I learnt to manage volunteers better, be confident to call the shots on my own unassisted if necessary and plan well ahead before every event.
I was lacking confidence when I started the SMF NGO earlier and relied on my friend alot as he has a degree in social work and the necessary experience in that field.
Now, I never let my lack of qualifications and experience deter me from venturing out on my own. I just need to research more and if possible call in like-minded people to take the plunge with me together.
Though armed with just a diploma in counselling, I have many volunteer counsellors with master’s degree helping me out. I would love to go on a master’s degree in counselling programme but the high cost has deterred me from pursuing it.
I started Transitioning a year later after the initial first NGO setback – drawing alot of lessons learned from the failed first social outreach attempt.
I tried not to make the same mistakes twice and to have more self confidence in things that I pursue nowadays.
I realised that passion and belief in your own mission can carry you a long way and people actually respect you if you don’t give up easily.
I also attempt new things and properly evaluate each venture but never to let initial failures deter me from the adventure of experimenting.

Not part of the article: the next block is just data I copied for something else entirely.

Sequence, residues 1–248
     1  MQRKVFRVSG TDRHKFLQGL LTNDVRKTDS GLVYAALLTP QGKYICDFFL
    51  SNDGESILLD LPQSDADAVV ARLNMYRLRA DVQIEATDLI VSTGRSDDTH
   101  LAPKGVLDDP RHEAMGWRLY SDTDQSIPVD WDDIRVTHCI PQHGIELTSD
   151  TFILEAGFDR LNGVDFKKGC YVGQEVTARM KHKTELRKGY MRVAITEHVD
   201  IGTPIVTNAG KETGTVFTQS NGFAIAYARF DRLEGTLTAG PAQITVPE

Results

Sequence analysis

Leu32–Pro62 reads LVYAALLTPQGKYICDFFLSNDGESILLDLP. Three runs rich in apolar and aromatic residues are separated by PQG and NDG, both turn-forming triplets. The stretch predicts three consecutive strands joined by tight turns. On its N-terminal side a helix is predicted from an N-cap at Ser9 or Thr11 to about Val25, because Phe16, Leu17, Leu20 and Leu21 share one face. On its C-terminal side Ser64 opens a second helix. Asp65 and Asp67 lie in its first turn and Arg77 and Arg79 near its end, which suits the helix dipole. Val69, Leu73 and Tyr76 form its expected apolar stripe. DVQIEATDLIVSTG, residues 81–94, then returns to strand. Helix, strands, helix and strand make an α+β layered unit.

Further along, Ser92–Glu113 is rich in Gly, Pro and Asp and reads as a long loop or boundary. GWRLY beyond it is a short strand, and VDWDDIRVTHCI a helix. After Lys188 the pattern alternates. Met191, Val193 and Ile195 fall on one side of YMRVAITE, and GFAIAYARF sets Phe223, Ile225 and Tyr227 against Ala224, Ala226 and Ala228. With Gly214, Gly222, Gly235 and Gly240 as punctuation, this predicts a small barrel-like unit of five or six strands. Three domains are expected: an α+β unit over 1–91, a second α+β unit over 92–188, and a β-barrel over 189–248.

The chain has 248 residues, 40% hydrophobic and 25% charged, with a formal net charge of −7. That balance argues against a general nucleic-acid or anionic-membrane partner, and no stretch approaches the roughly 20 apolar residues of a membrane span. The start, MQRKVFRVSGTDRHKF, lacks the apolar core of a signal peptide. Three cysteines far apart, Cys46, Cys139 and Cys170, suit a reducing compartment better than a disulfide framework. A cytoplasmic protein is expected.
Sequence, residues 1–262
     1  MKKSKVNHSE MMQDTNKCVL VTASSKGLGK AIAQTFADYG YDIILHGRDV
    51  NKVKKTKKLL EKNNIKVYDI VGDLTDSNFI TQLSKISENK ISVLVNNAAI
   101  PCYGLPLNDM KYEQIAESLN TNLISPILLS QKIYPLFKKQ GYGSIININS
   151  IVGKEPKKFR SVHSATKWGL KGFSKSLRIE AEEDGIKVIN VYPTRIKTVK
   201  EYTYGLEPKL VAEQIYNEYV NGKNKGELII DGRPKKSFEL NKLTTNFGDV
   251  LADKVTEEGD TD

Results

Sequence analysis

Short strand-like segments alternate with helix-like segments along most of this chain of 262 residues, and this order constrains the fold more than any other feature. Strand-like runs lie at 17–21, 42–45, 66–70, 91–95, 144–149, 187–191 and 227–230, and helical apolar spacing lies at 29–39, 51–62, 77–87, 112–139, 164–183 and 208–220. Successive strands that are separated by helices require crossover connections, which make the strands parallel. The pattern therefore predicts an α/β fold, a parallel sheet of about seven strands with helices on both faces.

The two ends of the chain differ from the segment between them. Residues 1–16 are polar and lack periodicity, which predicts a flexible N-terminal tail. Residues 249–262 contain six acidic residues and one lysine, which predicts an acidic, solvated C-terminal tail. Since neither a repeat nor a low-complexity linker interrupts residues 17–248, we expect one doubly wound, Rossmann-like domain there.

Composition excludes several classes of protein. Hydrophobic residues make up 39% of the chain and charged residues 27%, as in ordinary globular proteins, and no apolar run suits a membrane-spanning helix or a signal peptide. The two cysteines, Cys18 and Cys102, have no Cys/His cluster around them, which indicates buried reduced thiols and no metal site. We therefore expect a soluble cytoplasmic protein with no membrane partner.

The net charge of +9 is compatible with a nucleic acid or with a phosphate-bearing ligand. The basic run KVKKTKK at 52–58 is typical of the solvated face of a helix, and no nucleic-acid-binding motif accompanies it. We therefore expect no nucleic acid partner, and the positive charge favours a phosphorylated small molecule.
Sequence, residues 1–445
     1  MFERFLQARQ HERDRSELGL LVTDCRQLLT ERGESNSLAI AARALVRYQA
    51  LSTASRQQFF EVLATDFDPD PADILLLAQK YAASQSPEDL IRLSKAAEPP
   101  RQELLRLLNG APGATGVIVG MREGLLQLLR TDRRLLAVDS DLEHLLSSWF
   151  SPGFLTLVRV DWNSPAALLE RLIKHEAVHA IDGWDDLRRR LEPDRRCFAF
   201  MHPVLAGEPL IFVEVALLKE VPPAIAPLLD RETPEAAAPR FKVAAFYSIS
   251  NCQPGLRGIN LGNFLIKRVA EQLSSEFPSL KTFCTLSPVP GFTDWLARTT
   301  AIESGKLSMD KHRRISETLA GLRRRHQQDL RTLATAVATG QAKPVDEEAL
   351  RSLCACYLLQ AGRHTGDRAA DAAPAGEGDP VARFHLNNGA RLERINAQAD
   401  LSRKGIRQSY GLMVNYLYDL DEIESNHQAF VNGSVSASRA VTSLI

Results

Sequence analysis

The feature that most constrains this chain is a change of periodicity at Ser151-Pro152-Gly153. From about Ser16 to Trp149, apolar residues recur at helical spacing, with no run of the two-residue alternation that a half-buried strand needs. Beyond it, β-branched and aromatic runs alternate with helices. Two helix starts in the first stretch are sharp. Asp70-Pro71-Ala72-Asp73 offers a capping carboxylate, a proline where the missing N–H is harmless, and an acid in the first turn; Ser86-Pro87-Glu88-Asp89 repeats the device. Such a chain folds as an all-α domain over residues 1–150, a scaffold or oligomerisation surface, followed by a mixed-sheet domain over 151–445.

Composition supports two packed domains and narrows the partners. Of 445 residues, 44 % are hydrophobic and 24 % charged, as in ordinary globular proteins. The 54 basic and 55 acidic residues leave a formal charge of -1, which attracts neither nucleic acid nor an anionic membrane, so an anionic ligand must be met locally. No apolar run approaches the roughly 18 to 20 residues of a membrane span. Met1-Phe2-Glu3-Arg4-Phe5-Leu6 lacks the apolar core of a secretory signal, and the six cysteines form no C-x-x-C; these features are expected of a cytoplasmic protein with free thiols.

If the venture fails on the first attempt, it does not mean that it will fail again on the second try.
I usually give up easily before but now will try to work on a venture at least three to four times before calling it quits.
Rarely do entrepreneurs make it on the first attempt and that is sadly what most local Singaporeans will expect if they dare to venture out on a business endeavour.
Not only are they impatient on result but they seldom make another foray into a new venture if they fail on their first attempt.
PMET successful on second business attempt
However, I am proud to announce that there was one jobless PMET who make it after he was retrenched a few years ago – on his second business venture.
After retrenchment, he tried out a battery charging business working at home during a one-year period.
The business bombed and he lost $30, 000 in that venture.
Fortunately, he didn’t give up and started a totally new venture – IT firm specialising in providing solutions to small companies.
His second venture took off and the company generated handsome profits after he managed to secure business from a big MNC. He owns a condominium now and seems successful.
He also volunteered with Transitioning and spoke to our jobless PMETs before in our entrepreneurial event.
I hope that such story is being replicated often but unfortunately this is not the case.
Many PMETs who are entrepreneurial seldom dare to take the plunge and they count the cost too much to do so.
I met this jobless 50-year-old jobless PMET who could stay at home with his family without working as he has managed to generate enough cash return from his stock picking expertise.